Secret power #5 is that when winning opportunities happen, middle teams are prepared to make the most of them.
More than anything else, I believe it’s our decisions, not the conditions of our lives that determine our destiny.” — Tony Robbins
“Things turn out best for those who make the best of the way things turn out.” — John Wooden, Basketball Coach
It stinks. The NL West includes two elite teams: the Dodgers and the Padres. That condition could determine the destiny of the Diamondbacks, unless they make a decision that they will do what it takes to be their best, and make the best of the way the season turns out.
Secret power # 6 is middle teams make and execute decisions that can change their destiny.
“What am I looking at?” — Georgiou in Star Trek Discovery
“Stop being afraid of what could go wrong, and start being excited of what could go right.” — Tweet by Tony Robbins on 17 February 2016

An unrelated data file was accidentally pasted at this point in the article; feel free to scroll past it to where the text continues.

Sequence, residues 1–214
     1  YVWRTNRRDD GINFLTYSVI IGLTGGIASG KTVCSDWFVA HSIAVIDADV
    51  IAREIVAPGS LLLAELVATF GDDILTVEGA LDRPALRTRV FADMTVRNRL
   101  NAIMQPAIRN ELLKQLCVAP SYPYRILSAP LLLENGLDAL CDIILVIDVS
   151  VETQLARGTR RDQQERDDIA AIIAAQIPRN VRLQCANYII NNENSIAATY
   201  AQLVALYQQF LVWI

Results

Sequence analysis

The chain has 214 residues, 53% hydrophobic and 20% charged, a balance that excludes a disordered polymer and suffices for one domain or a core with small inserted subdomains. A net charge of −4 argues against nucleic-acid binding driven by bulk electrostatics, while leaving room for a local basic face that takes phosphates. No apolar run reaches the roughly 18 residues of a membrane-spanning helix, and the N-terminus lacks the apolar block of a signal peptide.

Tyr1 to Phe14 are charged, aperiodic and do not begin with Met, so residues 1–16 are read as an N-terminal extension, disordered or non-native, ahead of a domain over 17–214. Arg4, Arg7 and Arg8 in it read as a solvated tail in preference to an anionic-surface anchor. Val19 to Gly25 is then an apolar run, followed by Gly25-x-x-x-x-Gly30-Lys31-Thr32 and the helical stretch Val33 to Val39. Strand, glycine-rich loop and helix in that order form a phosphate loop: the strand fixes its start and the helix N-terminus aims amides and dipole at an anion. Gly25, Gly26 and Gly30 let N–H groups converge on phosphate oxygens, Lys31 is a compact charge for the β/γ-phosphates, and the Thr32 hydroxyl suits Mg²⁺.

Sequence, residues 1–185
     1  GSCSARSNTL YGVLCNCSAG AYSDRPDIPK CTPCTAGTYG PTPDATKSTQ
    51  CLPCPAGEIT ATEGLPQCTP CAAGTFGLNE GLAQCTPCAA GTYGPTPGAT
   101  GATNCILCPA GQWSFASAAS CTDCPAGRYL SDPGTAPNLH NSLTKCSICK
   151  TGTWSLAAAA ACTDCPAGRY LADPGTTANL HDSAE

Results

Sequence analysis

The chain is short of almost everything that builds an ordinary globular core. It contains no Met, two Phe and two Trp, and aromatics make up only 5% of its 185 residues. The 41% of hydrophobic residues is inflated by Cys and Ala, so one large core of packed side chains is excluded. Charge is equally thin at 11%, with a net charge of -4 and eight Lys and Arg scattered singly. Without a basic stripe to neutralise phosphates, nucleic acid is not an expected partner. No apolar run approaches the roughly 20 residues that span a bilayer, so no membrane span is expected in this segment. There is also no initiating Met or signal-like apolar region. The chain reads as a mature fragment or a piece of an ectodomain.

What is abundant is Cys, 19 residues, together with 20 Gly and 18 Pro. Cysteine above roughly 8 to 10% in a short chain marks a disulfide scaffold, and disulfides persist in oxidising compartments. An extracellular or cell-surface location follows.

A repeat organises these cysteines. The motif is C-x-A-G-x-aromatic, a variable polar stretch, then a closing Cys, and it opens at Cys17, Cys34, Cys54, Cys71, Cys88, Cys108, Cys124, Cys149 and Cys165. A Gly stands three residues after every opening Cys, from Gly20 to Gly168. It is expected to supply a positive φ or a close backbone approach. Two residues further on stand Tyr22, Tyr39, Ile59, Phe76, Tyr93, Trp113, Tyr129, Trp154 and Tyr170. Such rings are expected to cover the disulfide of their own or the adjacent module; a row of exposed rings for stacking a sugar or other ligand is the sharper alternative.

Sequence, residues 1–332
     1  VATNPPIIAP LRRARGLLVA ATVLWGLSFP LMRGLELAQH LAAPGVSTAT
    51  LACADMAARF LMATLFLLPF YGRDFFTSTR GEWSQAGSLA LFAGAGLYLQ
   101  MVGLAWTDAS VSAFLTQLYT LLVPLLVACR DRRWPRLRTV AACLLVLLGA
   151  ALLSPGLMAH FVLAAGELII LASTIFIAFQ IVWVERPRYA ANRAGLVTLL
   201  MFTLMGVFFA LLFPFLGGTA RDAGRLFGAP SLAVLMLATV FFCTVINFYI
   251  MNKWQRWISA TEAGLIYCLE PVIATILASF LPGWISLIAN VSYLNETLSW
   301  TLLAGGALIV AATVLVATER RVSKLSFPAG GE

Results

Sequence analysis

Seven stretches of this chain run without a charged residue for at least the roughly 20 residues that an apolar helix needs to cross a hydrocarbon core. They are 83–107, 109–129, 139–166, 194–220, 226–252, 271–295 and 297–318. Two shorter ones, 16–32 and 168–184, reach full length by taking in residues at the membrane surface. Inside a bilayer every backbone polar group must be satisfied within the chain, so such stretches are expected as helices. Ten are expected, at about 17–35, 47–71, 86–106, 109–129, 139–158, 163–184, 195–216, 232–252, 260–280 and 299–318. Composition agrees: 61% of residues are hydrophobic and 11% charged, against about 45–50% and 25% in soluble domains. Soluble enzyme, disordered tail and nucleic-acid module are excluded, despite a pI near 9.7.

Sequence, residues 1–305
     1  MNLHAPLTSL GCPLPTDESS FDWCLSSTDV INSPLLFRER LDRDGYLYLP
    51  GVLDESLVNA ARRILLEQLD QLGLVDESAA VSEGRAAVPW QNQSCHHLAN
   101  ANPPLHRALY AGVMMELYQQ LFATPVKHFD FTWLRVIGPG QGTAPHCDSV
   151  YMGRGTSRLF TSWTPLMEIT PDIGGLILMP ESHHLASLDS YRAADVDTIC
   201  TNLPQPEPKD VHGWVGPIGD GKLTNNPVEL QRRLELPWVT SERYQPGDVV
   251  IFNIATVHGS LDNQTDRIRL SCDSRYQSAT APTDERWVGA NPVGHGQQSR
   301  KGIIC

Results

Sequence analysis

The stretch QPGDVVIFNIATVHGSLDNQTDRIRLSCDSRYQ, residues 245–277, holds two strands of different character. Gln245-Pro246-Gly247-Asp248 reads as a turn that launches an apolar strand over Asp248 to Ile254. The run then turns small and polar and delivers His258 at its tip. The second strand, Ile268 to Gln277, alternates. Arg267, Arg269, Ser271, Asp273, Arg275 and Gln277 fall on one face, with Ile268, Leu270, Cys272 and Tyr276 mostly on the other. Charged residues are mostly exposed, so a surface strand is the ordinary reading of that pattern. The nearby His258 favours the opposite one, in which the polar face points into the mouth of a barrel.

Focus impacts perceptions. An amazing truth is that people find what they are looking for! If I am not finding what could go right, I will likely miss opportunities!
For middle teams, many games happen with an unlikely chance of winning. As a result, the middle teams look optimistically and very broadly at the question, “Are there any ways to win?”
Secret power #7 is that middle teams are better at looking for ways to win, and therefore are more likely to find them.
“We talk about winning the margins. Taking care of the little things and adding them up into one or two big moments in a game.” — Torey Lovullo
Players on elite teams often expect every game, and nearly every moment in the game, to be successful. But, do they celebrate when their expectation is met? Not always.